5 Simple Home Upgrades to Make Homes Safer for Senior Citizens

by Medical Xpress

medical xpress in texasThere are certain features that every home has, and we don’t often spend much time thinking about them. We open doors without wondering if a wheelchair could fit through it. We go up and down stairs without thinking about the potential hazard they present. But everyday home features like stairs and standard tubs or showers can actually pose a physical danger to senior citizens. Here are 5 simple home upgrades that can make a home safer for a senior citizen with more limited physical capabilities.

Stair Lifts

Stairs are arguably the most common issue in a home for those with limited mobility—be it senior citizens, disabled individuals, or even someone with a temporary injury. While you may have previously bounded up the stairs with ease, as you age, you might find that the stairs are a genuine obstacle to tackle in your own home.

Stairs lifts can make your life so much simpler if you struggle with ascending or descending the stairs. Simply sit in the seat, and it will slowly and gently carry you to the next floor. You don’t have to worry about taking a tumble ever again.

Lift Chairs

For many senior citizens, the simple act of getting into and out of a chair—especially one with a deep or very soft seat—can be a major struggle. You might require help, or if no help is available, you may end up straining yourself trying to stand up.

Lift chairs are designed to tilt forward on a sturdy, motorized support system, allowing you to more easily sit down and settle back. Then, when you’re ready to get up, you can simply press a button, and the chair will tilt you forward so that you can comfortably get your feet on the ground unassisted.

Walk-In Tubs

The bathroom is often one of the most dangerous places in a home for senior citizens. Things get slick and wet, posing a slipping hazard for even the most able-bodied individual. But the bathtub can be especially troublesome for the elderly, as climbing in and out of a slick tub can be quite difficult.

Walk-in tubs provide a much safer way for these individuals to enjoy a relaxing bath. These home installations have a small door built into the side of the tub, so the person can step inside without having to climb over the edge of the tub. When the bath is empty again, they can open the door and step right back out.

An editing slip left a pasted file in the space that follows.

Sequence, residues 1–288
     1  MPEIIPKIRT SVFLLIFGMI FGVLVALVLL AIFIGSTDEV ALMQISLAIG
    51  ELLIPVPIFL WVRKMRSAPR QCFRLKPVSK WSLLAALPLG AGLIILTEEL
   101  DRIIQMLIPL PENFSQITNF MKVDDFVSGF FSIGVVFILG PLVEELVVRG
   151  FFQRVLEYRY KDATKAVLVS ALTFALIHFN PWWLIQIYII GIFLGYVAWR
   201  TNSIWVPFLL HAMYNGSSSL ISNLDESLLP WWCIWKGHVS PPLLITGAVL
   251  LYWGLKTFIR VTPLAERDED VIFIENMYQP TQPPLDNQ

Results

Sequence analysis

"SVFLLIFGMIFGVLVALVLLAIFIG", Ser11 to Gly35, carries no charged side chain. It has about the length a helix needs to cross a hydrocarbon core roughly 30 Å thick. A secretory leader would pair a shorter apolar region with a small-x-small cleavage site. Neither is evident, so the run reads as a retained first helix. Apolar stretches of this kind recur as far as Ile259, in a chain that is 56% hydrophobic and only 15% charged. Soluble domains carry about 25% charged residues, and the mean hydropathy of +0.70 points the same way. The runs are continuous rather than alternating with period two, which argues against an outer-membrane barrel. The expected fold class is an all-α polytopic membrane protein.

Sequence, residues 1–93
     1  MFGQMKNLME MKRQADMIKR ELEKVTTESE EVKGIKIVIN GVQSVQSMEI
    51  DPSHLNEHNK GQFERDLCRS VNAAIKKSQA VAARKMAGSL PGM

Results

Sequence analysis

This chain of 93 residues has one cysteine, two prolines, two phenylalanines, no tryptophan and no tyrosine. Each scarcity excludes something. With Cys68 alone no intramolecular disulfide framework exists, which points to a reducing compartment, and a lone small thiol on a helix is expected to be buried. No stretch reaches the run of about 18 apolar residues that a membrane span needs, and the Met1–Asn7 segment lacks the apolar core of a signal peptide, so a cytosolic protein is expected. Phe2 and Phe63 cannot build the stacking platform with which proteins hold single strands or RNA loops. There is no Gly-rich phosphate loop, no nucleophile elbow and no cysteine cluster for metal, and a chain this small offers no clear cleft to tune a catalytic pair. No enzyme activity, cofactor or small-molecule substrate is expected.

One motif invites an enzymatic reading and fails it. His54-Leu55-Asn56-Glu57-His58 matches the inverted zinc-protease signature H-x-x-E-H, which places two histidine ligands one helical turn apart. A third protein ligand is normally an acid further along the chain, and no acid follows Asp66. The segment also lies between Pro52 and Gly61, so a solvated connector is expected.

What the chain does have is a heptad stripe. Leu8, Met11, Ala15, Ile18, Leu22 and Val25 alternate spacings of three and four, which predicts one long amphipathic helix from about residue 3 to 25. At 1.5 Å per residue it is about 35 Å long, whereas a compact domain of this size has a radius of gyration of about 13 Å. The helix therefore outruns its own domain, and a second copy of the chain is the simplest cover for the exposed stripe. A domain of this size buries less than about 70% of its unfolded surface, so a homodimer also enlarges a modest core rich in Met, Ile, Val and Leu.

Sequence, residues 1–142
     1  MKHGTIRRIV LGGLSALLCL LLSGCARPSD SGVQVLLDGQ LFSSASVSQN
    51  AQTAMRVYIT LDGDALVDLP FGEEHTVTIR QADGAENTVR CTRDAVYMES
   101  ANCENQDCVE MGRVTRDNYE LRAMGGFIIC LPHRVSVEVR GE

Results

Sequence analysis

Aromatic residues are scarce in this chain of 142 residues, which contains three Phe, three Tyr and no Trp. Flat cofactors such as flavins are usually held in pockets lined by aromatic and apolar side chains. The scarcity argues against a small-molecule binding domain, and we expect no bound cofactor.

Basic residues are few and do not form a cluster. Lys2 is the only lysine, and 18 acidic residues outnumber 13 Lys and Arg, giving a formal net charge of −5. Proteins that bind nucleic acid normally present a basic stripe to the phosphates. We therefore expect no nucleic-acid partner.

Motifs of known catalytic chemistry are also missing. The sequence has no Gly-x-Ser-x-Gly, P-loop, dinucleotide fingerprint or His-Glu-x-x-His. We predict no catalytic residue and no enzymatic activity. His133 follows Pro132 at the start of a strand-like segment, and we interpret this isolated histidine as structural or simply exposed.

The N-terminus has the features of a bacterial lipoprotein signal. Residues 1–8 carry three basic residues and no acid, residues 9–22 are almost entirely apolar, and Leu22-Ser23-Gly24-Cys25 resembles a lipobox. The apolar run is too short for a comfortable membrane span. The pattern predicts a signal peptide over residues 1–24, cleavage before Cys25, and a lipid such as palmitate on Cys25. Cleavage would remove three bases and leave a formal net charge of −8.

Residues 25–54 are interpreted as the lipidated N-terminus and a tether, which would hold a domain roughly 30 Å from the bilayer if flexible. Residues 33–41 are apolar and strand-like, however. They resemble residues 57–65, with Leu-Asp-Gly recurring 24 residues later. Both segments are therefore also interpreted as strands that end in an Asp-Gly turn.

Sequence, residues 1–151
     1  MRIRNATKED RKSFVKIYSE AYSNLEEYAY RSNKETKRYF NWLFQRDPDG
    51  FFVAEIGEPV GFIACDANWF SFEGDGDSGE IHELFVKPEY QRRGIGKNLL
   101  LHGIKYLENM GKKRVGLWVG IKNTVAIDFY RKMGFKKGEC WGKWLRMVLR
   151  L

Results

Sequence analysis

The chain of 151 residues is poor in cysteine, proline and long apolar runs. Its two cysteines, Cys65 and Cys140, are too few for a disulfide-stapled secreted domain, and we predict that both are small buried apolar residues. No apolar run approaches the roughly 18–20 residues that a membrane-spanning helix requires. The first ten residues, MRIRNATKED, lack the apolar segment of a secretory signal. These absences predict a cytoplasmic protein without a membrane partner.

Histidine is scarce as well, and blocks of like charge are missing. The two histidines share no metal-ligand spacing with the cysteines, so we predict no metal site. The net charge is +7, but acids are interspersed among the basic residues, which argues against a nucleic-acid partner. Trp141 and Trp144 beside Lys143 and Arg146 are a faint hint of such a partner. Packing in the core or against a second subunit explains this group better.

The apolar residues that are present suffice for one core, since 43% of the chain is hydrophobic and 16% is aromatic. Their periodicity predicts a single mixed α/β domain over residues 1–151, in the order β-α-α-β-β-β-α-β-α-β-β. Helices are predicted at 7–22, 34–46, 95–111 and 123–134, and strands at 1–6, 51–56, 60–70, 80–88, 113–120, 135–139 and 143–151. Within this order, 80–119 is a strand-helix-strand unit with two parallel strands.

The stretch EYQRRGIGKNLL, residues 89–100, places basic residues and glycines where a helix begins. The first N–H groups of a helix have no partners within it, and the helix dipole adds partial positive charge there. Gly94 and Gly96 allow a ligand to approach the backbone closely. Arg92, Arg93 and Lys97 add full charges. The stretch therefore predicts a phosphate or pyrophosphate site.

Shower Seats

While shower stalls don’t require you to climb over a raised edge to get in, they pose a different problem for senior citizens: First, standing for long enough to thoroughly wash themselves is difficult for some individuals. Secondly, a shower stall is still a major slipping hazard. Soap runs off your body and down around your feet, along with the shower water, making the floor extra slippery.

Shower seats are an excellent solution for those who have a hard time showering safely on their own. They can sit to wash themselves, and if they have a handheld showerhead attachment, they can rinse themselves off in the chair as well. Some shower stalls have a built-in seat, but if yours doesn’t, you can purchase one and install it in your shower easily.

Hand Rails

Hand rails can provide much-needed assistance and safety throughout a house. For starters, all staircases—both indoors and out—should have handrails. But, in addition to this basic safety feature, you might want to consider installing handrails in these other areas of your home to make it a safer place for senior citizens:

  • Beside each toilet in your home
  • In the bathtub
  • By the shower stall door
  • Near doorways that have a high threshold
  • Along any ramps or other sloped surfaces on your property

Hand rails are a small thing to install, but they can make the home a much safer place for you, or for any elderly friends and family members who come to visit.

While some types of accessibility home improvements might require extensive renovations—like widening hallways and doorways to accommodate a wheelchair—there are so many simply changes you can make in your home to create a safer living environment for those with more limited physical capabilities. Whether you need to make changes in your home to adjust to your body’s changing needs, or you want to make it a more accessible place for your elderly loved ones, try starting with the 5 adjustments mentioned above.

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